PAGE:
Probe targets misconduct claims at architecture’s top trade group

American Institute of Architects CEO Lakisha Ann Woods accused of misspending, retaliation

Misconduct Claims Probed at American Institute of Architects
American Institute of Architects' Lakisha Ann Woods and Kimberly Dowdell (AIANational/YouTube, Kimberly Dowdell, Getty)

On the heels of a national convening this month, the leadership of architecture’s top industry group is under fire for alleged misspending and retaliation.

Twenty-two past presidents of the American Institute of Architects signed a letter raising claims of misconduct against the leaders of the organization, Bloomberg reported. Chief executive officer Lakisha Ann Woods has denied the claims against her, including that she’s used her office to aid herself and her allies.

The board of directors retained an external law firm to investigate the accusations. The organization represents architects across the industry, serving as an advocacy arm and awarding prestigious honors.

One source of outrage is a recent all-staff retreat for AIA employees in the Dominican Republic.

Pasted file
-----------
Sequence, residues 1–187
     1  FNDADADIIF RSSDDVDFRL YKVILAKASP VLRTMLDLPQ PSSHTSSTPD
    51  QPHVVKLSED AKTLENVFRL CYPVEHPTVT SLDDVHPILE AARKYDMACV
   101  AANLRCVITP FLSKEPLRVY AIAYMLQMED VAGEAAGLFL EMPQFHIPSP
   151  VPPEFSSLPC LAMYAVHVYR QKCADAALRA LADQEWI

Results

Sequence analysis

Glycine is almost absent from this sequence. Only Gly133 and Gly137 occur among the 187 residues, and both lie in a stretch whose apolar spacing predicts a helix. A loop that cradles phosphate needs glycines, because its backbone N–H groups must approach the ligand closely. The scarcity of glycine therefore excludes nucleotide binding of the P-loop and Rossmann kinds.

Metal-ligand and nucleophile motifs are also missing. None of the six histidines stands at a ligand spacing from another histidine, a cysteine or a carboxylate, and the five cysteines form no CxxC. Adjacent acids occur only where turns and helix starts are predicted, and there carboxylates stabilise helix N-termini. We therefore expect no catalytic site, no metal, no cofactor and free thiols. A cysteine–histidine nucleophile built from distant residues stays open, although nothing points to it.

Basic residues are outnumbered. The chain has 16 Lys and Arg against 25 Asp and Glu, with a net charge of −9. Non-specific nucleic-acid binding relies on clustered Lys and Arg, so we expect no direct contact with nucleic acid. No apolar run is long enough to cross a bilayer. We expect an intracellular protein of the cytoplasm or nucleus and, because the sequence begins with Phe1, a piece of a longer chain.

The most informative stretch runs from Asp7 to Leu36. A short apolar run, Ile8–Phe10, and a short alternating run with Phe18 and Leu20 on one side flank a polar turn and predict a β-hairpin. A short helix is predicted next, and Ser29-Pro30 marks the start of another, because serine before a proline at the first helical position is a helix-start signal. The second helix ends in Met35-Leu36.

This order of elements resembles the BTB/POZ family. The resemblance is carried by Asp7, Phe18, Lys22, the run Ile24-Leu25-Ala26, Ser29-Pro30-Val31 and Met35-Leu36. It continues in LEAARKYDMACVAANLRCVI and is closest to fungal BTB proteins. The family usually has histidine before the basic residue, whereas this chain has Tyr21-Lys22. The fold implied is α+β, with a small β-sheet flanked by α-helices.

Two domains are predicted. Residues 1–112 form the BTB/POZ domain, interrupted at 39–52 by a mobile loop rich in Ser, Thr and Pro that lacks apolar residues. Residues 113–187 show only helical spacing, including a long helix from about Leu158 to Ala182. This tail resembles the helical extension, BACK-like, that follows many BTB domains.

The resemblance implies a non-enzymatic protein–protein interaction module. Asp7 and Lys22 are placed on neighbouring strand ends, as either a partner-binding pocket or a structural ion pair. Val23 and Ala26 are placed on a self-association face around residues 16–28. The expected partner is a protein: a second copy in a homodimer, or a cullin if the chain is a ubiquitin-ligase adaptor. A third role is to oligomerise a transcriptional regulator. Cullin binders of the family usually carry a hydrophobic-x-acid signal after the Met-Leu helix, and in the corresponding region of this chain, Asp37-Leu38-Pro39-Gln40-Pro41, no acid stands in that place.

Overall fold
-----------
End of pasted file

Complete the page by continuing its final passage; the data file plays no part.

Woods said she worked with Marriott to fit the trip to a Punta Cana resort into the budget, but accrued points to her own Marriott Bonvoy account. The executive has said the benefits will be used for the AIA, which is facing annual deficits in the millions. 

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The investigation cleared Woods and another executive of booking the controversial retreat through Woods’ own events management company. The investigation, however, remains ongoing, and Woods believes it will ultimately vindicate her.

Another controversy rocking the AIA is its selection process for its highly coveted College of Fellows honor. 

Kimberly Dowdell, the elected president of the organization and first Black woman elected to the position, was rejected for the honor in February, people familiar with the situation told Bloomberg. Woods called on the selection process to be reevaluated with a focus on underrepresented groups.

Dowdell was still rejected, leading Woods to reorganize the awards department. The board of directors also eyed changing bylaws to allow for automatic honors for elected board members, drawing outrage from the rank-and-file members; the controversial provision was ultimately not adopted.

The organization’s former chief counsel, Terrance Ona, filed a lawsuit last week alleging discrimination, defamation and wrongful termination. Ona claims he was placed on leave for alleged misconduct after producing a report accusing Woods of her own misconduct.

Holden Walter-Warner

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